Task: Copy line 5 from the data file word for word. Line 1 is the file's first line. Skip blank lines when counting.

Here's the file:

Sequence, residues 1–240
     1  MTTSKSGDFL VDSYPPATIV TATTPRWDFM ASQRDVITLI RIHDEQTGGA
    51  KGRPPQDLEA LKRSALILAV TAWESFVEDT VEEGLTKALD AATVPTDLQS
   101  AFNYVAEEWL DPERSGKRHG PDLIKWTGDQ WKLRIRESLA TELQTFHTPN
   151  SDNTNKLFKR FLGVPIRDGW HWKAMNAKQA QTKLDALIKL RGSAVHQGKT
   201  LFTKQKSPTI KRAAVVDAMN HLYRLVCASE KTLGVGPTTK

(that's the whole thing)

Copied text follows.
   151  SDNTNKLFKR FLGVPIRDGW HWKAMNAKQA QTKLDALIKL RGSAVHQGKT